Another important way to keep your kitty off the crib is making it less appealing to approach. You can spray diluted peppermint oil around the crib. Cats hate its smell since it irritates their nose. However, never spray the peppermint oil directly to your kitty because it’s toxic and can cause adverse side effects. Also, don’t spray the oil directly to your baby’s stuff.

For cats that hate the smell of citrus fruits, you can place peelings around your baby’s crib.

3. Provide supervised interactions

Once your baby has grown a little bigger, you can introduce the cat through supervised interactions. Let the cat approach the baby on its own terms. You should be watching so you can intervene the moment your kitty shows negative behavior.

Keep these interactions short. Also, don’t let your baby pinch the cat because the kitty may retaliate with a swat in the face.

After the interaction, give the cat some treats if it behaved well. That way, the kitty will associate your baby with something positive.

4. Use a cat deterrent

If your sneaky kitty is still trying to get into the crib, you can use deterrents. When my son was born, a friend recommended that we use an ultrasonic deterrent. It produces a sound that only animals can hear. It’s safe for cats, but it’s annoying and disorienting. This will stop them from getting near the crib or the baby’s room.

Still, you shouldn’t rely too much on these devices. It should only be an added layer of security for your baby. A screen door should still be the main defense against a sneaky cat.

5. Keep the cat busy

One way to stop the cat from seeking the crib is by keeping it busy. Get cat towers where your cat can climb and see the baby from afar.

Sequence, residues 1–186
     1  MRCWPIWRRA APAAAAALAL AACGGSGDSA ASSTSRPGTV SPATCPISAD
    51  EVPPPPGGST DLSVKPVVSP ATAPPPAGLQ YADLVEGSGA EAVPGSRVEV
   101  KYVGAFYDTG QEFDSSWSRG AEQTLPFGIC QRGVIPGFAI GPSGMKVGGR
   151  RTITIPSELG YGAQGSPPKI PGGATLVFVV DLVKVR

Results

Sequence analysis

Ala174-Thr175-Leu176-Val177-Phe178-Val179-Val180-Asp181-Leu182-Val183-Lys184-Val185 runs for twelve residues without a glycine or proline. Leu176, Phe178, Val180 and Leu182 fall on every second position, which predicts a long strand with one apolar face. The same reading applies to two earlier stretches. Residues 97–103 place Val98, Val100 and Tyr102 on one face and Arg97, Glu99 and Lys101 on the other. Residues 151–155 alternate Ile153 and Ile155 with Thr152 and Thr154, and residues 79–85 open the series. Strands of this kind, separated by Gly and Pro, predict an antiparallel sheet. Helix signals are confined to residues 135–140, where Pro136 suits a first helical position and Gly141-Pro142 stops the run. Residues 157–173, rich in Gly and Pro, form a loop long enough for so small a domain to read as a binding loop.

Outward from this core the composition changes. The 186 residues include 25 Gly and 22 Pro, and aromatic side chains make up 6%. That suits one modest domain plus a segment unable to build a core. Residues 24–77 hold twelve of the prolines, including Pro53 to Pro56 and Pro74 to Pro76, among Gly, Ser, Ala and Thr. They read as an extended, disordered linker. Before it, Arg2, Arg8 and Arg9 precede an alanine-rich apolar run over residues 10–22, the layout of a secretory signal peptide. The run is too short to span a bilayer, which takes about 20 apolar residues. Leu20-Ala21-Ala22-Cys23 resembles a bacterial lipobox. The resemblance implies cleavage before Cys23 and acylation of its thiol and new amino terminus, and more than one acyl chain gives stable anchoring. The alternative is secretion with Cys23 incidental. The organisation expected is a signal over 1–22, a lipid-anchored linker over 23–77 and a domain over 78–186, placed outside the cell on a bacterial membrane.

Interactive toys will also keep your feline’s mind away from the crib. This way, the kitty can vent its energy towards playtime and not in trying to break into the baby’s room. Just make sure that the toys are safe and will not be a choking hazard for your kitty.

Do cats get jealous of newborn babies?

For cats used to be the only center of attention, a newborn baby will be a threat. This will make the kitty jealous.

As you spend more time with the baby, the kitty will feel abandoned. If you don’t schedule bonding time with your cat, the jealousy may develop into negative behavior.

Aside from that, poor socialization as a kitty will lead to jealous behavior when you brought a baby home. Your cat must not be dependent on you for playtime and entertainment. If you’re expecting a baby, take the time to socialize your cat so it will be welcoming to new scents, sounds, and people.

Moreover, the sudden change in your routines at home upon the baby’s arrival will stress a cat. A change in feeding will trigger jealousy in your feline.

Do cats know when a baby is coming?

Cats are very sensitive beings due to their strong sense of smell and hearing.  They can pick up a change in your hormones based on the scent your body produces.

Aside from that, your cat’s sharp sense of hearing probably allows them to hear the heartbeat in your tummy. And if you’ve had a baby before, your kitty may know that another is coming.

Conclusion

Knowing how to keep the cat out of crib is necessary to protect both the kitty and the baby. A slow and careful introduction is necessary, so the two will have a harmonious relationship. Preparing the cat even before the baby arrives is also important to prevent untoward incidents.